Id. at 8 (emphasis added).
Sections 11 and 12 create and define the civil liabilities imposed by the act and the machinery for their enforcement which renders them practically valuable. Fundamentally, these sections entitle the buyer of securities sold upon a registration statement including an untrue statement or omissions of material fact, to sue for recovery of his purchase price, or for damages not exceeding such price, those who have participated in such distribution either knowing of such untrue statement or omission or having failed to take due care in discovering it....
The committee emphasizes that these [civil] liabilities attach only when there has been an untrue statement of material fact or an omission to state a material fact in the registration statement or the prospectus--the basic information by which the public is solicited.
Id. at 9 (emphasis added). This discussion of sections 10-12 and the definition of prospectus show that, in the main, prospectuses arise after registration statements are filed; thus the reason that the prospectus "must include a substantial portion of the information required in the 'registration statement.' " The broad definition of a prospectus in section 2(10) prevented sellers from thwarting the registration statement provisions by artfully drafting subsequent "selling literature." In discussing the exemptions to the requirement of filing a registration statement, the House Report continued:
The provisions of this section exempt certain transactions from the provisions of section 5, which section requires both the registration of securities as a condition precedent to offering them for sale ..., and which section also requires that after the effective date of registration prospectuses relating to such securities shall conform to the requirements of the act.
Paragraph (1) broadly draws the line between distribution of securities and trading in securities, indicating that the act is, in the main, concerned with the problem of distribution as distinguished from trading. It, therefore, exempts all transactions except by an issuer, underwriter, or dealer.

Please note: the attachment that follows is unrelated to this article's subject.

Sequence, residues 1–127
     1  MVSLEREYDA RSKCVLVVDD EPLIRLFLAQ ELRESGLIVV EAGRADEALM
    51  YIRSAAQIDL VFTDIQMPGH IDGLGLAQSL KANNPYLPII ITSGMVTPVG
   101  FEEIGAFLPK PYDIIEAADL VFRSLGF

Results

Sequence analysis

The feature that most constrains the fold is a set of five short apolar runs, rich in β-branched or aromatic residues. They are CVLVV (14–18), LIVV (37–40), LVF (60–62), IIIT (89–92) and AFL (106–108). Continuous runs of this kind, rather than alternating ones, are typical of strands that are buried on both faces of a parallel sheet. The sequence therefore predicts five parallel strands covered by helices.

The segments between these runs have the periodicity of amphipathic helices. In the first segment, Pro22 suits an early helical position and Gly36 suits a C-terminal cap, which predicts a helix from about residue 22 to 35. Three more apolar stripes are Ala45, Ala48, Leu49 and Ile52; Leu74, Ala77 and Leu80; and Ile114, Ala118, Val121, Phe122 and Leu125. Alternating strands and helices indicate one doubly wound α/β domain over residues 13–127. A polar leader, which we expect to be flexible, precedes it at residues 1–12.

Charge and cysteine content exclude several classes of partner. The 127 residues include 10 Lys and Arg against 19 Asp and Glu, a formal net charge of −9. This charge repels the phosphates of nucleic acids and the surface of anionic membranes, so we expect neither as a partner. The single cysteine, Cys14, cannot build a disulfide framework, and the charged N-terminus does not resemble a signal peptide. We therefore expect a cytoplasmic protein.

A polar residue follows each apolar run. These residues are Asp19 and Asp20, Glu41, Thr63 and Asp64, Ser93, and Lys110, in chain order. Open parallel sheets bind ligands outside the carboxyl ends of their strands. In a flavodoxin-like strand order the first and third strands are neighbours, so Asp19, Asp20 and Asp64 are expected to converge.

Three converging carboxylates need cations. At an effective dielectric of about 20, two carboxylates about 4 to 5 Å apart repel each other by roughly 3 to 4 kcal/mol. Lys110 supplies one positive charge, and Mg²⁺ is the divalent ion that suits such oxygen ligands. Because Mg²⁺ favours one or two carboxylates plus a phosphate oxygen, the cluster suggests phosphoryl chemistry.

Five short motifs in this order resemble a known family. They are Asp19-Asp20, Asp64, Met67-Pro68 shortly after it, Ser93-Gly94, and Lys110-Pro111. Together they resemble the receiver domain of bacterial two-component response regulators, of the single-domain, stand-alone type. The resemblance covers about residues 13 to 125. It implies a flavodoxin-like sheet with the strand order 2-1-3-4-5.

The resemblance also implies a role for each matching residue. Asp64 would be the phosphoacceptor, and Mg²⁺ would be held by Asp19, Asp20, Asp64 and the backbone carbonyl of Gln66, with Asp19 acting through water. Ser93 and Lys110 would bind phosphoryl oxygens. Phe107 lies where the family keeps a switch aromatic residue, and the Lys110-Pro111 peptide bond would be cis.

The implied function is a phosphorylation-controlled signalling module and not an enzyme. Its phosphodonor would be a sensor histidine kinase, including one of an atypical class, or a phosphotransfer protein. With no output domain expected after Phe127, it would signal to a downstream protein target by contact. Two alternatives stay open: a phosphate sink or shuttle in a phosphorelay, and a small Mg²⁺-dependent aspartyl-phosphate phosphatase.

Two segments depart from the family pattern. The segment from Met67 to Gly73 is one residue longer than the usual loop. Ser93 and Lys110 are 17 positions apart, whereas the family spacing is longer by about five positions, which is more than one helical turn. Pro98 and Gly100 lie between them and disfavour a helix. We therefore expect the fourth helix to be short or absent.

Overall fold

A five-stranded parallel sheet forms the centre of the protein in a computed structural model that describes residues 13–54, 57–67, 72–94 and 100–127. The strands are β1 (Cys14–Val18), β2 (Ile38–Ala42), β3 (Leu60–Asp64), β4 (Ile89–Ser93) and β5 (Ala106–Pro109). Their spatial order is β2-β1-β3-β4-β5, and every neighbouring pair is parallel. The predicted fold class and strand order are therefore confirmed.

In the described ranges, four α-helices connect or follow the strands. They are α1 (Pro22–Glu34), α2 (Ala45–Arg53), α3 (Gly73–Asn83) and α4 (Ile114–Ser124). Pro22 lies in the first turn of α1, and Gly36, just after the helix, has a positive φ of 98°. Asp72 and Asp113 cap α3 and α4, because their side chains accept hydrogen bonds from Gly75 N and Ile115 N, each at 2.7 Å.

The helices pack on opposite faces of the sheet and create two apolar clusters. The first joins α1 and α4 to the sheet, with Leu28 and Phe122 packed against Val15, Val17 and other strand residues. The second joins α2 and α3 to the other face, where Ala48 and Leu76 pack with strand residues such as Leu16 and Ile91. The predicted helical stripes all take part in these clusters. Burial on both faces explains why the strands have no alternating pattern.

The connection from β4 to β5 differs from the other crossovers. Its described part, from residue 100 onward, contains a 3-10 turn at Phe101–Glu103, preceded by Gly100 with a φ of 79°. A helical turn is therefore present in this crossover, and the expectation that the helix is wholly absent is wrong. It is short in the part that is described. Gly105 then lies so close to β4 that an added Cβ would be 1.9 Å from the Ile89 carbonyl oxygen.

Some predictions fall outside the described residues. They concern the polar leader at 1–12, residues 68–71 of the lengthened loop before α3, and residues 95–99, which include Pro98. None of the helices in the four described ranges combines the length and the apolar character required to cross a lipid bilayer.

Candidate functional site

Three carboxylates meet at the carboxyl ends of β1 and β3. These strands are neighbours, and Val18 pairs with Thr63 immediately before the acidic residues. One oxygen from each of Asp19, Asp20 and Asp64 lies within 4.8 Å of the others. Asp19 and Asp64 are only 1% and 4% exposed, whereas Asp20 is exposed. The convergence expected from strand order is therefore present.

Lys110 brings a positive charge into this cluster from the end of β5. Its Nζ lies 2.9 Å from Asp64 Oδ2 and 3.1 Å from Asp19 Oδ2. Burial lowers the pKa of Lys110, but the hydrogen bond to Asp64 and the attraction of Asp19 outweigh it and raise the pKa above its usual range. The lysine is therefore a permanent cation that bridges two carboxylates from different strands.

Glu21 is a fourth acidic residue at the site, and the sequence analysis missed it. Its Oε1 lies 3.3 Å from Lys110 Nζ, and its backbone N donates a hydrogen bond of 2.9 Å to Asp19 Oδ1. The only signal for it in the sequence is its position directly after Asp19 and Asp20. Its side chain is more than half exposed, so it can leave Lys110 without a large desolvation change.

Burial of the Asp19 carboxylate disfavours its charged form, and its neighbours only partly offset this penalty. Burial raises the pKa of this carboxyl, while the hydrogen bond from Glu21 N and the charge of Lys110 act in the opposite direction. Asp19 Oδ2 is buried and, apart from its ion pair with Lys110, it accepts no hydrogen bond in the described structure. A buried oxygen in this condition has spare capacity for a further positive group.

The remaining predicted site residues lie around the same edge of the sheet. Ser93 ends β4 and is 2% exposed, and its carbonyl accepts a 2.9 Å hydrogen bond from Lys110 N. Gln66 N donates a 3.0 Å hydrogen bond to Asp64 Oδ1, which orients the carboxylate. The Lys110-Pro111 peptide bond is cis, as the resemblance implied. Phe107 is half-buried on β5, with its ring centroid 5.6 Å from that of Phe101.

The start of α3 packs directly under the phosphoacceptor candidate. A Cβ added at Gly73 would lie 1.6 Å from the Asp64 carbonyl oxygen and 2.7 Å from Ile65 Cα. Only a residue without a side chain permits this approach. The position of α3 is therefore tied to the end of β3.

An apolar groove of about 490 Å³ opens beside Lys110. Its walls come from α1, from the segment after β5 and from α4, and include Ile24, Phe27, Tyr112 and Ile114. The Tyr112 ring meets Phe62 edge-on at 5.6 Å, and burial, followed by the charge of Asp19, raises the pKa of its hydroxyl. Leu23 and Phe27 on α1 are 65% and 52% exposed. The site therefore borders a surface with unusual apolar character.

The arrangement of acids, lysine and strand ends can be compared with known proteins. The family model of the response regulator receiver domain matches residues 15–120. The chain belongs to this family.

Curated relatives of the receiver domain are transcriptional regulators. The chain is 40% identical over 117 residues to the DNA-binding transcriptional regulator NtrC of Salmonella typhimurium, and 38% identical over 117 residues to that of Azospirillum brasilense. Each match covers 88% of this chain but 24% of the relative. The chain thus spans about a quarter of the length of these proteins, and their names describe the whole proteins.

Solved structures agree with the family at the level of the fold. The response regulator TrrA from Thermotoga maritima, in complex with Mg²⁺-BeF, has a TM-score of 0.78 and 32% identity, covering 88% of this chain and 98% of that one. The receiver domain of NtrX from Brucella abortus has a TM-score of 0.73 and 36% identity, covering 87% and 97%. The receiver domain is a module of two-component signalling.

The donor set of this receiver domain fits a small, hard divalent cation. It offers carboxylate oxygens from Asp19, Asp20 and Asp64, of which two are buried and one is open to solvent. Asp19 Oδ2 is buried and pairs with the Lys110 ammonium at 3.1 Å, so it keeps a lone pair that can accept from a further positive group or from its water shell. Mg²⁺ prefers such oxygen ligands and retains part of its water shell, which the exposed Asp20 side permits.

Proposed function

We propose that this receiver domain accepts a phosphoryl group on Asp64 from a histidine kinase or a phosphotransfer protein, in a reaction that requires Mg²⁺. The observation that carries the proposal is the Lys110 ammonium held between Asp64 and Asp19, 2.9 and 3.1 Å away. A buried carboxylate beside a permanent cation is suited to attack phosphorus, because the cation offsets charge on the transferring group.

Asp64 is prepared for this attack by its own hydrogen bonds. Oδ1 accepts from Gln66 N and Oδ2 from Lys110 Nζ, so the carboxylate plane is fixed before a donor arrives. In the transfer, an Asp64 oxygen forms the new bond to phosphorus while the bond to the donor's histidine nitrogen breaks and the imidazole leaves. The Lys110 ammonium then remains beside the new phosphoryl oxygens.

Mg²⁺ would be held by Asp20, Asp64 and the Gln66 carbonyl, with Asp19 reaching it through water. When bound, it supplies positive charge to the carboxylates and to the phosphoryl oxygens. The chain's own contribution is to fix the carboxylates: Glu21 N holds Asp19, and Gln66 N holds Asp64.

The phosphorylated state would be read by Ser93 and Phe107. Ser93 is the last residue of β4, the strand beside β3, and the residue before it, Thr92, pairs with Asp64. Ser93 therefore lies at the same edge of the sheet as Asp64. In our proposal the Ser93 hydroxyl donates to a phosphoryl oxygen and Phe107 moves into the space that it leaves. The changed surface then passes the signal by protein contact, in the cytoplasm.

Id. at 15. Based on the House Report, the legislative history of the 1933 Act can be read to focus on those offerings requiring a registration statement, or as the Third Circuit interprets, to initial offerings.
The Senate, however, proceeded along a different course. The final Senate version of section 12(2) (contained in section 9 of the Senate's version) proposed by the Senate Banking and Currency Committee, see S. 875, May 8, 1933, 77 Cong.Rec. 2996-3000 (1933), 1 Ellenberger & Maher, item 8, at 2998, stated that:
[Sec. 12]. Every person acquiring any security by reason of any false or deceptive representation made in the course of or in connection with a sale or offer for sale or distribution of such securities shall have the right to recover any and all damages suffered by reason of such acquisition of such securities from the person or persons signing, issuing, using, or causing, directly or indirectly, such false or deceptive representation, jointly or severally.
H.R. 5480, 73d Cong., 1st Sess. (1933), as passed the Senate with Senate amendments May 10, 1933, 3 Ellenberger & Maher, item 27, at 60 (emphasis added). The Senate's version of the 1933 Act allowed recovery for fraud in the sale of "any security," not just those involved in initial offerings. The Senate rarely mentioned the word "prospectus," and certainly not in the fraud context of section 12(2).17 And the Senate, as compared with the House, did not draft as detailed a report in support of the bill. Although the Senate did not as extensively explain its version, the differing texts display a distinctive treatment on their face.
A conference by the House and Senate resulted in the 1933 Act as now codified in 15 U.S.C. §§ 77a et seq. After the conference by the House and Senate, the managers on the part of the House attached a commentary to the final version, addressing the distinctions and the resolution between the previous versions: